Those were the dark days of my life when I was branded a criminal and the ordeal continued for five years. It was like hell.
It all started on a Sunday morning when I left for a friend's wedding. My driver was behind the wheels. As we were going, a bus stopped near a village along the highway. It was the conductor's village and he had gone to fetch his lunchbox. Suddenly, a person came out of nowhere running towards the bus with a lunch box in hand, and got hit by my car.
I stepped outside to see the condition of the victim. Some people gathered around the car, helped shift the person to my car and volunteered to accompany us to the hospital.
I dropped the idea of going to the wedding and asked the driver to rush to the medical college, my alma mater where I knew some doctors.
The patient was admitted in the emergency. I sat beside him and arranged for the medicines. When his relatives came, I took leave, thinking I had a clear conscience as I had done my duty.
A few days later, I was shocked when a policeman came to my hospital and asked me whether my car had met with an accident. When I said yes, he told me that an FIR had been lodged against me, so he was taking away the car. He asked me to come to the police station the next day.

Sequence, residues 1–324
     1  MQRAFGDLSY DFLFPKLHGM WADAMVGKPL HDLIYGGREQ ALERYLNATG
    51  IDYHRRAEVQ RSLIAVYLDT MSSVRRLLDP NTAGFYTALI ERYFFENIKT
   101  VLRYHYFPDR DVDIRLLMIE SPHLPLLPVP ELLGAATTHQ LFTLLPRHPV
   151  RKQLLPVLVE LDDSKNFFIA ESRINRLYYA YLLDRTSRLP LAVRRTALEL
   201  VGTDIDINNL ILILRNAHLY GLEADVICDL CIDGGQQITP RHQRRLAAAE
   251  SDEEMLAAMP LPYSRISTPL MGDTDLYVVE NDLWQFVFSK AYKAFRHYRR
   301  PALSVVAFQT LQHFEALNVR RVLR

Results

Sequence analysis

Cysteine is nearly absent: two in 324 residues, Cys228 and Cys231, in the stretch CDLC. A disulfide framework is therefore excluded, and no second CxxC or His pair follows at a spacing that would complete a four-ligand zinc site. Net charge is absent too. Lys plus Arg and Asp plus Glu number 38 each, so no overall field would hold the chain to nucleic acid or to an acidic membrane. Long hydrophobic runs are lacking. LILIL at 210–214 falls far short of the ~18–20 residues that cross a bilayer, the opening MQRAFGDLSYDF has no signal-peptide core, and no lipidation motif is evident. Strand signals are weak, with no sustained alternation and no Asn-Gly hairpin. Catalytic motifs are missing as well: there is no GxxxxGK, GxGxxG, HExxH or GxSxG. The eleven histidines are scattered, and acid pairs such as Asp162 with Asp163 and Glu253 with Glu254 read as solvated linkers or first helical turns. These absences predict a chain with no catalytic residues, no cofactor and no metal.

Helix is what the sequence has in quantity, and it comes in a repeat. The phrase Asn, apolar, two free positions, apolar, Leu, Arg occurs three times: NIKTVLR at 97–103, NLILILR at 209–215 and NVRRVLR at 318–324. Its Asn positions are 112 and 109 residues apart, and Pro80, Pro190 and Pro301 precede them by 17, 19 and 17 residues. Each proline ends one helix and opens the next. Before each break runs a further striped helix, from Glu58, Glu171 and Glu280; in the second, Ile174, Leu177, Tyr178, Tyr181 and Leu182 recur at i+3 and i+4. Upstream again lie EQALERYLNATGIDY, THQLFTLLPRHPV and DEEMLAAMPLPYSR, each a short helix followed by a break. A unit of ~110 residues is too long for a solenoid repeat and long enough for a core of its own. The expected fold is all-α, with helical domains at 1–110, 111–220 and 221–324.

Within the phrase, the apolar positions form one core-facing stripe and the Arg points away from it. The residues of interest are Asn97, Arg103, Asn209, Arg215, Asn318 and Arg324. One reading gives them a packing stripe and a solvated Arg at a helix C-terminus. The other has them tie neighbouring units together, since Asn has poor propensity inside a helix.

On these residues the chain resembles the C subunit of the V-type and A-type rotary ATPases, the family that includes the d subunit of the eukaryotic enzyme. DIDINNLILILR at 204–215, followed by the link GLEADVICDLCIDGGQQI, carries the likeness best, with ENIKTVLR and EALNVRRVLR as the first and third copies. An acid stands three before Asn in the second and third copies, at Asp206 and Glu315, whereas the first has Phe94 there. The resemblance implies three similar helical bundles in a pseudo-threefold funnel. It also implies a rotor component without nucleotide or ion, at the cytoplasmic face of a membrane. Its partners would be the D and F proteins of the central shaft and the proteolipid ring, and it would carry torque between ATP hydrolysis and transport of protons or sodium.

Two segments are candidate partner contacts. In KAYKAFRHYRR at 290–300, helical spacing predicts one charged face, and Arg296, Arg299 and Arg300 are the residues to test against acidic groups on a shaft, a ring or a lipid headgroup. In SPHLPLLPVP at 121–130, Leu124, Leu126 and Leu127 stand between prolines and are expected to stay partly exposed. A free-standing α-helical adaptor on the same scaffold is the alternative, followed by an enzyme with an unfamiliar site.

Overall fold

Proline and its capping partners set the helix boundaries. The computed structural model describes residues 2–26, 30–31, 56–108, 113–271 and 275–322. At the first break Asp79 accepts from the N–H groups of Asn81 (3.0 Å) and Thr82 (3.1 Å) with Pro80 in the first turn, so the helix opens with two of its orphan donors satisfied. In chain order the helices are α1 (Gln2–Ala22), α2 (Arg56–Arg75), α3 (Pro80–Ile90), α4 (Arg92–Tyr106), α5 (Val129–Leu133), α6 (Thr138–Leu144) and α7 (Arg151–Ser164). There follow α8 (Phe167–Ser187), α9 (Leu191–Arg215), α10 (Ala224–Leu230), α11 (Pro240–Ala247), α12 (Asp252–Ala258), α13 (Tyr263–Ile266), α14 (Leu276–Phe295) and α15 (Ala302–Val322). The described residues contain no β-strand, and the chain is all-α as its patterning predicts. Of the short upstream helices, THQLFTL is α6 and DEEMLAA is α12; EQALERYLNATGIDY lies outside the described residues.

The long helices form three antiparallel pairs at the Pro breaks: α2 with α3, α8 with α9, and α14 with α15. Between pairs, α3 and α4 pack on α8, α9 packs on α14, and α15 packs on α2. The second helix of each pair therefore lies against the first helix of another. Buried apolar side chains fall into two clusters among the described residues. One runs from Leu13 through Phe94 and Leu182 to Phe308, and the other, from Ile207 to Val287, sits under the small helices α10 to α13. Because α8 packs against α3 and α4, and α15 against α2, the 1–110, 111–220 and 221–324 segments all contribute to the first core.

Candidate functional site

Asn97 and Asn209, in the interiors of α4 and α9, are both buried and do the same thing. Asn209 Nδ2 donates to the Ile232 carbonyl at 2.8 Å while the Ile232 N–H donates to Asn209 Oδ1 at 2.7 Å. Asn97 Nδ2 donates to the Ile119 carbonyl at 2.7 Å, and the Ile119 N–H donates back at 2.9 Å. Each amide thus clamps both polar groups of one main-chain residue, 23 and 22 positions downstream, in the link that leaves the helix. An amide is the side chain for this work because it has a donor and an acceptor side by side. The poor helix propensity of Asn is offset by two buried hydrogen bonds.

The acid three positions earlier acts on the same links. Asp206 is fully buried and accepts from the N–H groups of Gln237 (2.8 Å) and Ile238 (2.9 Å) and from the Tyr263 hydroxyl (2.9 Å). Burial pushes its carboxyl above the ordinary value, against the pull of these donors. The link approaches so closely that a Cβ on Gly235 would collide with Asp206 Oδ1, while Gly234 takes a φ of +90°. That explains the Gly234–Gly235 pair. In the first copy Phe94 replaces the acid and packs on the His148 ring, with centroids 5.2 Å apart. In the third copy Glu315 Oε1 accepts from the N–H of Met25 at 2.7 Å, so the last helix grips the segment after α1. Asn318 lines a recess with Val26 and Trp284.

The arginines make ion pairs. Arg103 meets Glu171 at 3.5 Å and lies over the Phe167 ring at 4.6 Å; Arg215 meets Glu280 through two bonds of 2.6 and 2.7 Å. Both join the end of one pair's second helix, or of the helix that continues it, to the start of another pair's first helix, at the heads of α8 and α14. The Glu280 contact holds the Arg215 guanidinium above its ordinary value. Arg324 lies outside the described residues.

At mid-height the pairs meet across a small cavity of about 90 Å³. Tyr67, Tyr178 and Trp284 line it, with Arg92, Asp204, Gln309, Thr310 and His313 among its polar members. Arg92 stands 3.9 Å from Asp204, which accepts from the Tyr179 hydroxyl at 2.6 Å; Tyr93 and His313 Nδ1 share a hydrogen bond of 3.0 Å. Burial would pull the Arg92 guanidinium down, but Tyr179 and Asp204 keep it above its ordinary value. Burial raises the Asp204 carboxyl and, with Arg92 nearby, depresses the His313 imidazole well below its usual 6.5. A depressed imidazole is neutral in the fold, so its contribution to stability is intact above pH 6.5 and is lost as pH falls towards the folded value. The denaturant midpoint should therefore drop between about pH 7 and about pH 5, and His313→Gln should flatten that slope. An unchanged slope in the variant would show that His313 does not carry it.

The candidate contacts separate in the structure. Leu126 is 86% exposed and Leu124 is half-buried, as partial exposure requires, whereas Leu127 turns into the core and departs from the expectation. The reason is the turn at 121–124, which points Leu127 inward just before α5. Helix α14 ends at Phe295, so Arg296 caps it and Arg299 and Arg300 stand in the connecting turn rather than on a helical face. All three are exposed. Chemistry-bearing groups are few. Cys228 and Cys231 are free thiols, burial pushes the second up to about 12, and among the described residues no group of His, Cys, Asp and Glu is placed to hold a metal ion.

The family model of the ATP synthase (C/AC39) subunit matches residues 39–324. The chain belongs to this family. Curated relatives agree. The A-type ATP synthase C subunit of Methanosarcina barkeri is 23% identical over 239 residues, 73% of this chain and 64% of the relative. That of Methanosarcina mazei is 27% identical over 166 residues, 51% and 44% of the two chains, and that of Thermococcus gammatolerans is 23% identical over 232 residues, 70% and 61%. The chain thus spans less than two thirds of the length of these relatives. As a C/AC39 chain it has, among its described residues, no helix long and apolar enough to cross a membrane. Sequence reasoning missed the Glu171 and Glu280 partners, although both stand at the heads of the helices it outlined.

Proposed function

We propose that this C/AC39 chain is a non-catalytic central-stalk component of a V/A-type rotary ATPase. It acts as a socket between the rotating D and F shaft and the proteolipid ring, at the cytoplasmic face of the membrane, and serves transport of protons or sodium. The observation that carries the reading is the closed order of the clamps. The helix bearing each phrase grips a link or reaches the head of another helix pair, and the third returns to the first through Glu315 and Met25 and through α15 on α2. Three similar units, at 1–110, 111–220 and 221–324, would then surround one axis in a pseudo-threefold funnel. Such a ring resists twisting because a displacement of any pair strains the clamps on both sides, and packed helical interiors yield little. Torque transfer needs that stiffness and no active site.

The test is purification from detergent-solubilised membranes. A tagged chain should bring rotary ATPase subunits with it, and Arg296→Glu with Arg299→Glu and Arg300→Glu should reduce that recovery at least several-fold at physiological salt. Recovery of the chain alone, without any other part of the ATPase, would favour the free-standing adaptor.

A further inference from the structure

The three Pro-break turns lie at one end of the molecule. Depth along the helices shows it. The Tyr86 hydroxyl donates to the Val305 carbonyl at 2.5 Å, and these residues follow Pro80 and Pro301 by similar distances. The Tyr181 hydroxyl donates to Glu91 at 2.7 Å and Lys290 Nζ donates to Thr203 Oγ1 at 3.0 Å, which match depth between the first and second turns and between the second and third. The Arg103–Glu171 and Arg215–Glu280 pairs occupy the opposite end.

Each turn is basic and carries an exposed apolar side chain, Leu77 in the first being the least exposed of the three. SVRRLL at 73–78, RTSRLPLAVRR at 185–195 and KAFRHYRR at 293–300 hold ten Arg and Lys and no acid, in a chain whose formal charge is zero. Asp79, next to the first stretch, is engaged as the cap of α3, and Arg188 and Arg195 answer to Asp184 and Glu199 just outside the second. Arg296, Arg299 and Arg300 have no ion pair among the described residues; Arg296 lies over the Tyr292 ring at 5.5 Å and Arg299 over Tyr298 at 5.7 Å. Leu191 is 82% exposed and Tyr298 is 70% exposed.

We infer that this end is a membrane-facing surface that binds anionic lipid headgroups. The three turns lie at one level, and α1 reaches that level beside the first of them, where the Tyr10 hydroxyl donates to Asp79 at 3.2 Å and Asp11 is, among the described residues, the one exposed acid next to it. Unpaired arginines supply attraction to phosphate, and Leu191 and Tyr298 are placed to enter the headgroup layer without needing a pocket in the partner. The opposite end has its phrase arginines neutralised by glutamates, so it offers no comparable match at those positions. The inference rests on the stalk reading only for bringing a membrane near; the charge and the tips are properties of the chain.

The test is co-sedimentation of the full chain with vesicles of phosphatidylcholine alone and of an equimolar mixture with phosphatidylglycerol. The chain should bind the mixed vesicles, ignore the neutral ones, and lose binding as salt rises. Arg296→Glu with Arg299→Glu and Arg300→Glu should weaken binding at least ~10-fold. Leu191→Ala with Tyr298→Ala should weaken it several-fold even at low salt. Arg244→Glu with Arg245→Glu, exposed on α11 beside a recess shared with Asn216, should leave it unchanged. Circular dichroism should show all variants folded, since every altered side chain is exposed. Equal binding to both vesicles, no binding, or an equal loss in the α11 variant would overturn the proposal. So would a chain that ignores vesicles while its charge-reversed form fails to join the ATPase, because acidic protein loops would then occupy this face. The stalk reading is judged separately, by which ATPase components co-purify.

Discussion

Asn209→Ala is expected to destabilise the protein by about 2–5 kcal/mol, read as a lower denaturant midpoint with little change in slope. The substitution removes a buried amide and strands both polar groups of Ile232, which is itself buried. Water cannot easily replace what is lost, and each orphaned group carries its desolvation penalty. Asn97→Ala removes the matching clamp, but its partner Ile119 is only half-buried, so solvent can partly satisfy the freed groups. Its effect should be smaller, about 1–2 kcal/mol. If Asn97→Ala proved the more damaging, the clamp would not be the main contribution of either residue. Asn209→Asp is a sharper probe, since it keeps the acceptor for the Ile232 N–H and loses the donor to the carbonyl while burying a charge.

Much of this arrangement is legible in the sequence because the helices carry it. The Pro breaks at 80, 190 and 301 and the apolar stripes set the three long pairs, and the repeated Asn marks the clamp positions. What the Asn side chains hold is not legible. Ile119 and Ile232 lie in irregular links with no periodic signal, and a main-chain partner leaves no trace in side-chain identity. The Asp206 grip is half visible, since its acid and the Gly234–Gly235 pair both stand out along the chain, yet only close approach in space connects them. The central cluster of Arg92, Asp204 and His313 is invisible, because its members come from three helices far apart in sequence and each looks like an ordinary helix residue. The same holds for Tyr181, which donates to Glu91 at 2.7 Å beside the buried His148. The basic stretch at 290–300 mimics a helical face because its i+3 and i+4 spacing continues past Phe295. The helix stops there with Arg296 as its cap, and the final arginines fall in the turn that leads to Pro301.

I called up my insurance agent, who said I need not bother as such FIRs are filed to get compensation. I went to the police station. This was my first brush with law. The inspector said he would have to show my arrest and then give interim bail, but I would have to go to court to seek regular bail and get my car released. We went to court and hired a lawyer. "This is a routine matter. I'll defend you in both the criminal and the Motor Accident Claims Tribunal case. You will have to appear in court just three-four times," he said.
It still had not hit me that I would be labelled as a criminal till my exoneration. The scary reality started dawning on me when the hearings began. At every hearing, I had to take the same car along, stand outside the court and wait for my turn along with other criminals.
Then another incident shook me out of my senses. My car had gone for service, so I took another vehicle to go for the hearing. "Accused present?" the judge asked. I said yes. "Car present?" "No," I replied. The judge got angry and ordered the car to be confiscated and my bail to be cancelled.
I was at my wits' end. What had I done to deserve this? Going through the entire process again, I got my car and bail after a week. After a long five-year struggle, I finally got bail. But whenever I've to fill a form with a column asking whether I've faced a criminal case, I have to say yes. This tag of criminal will stay with me for life.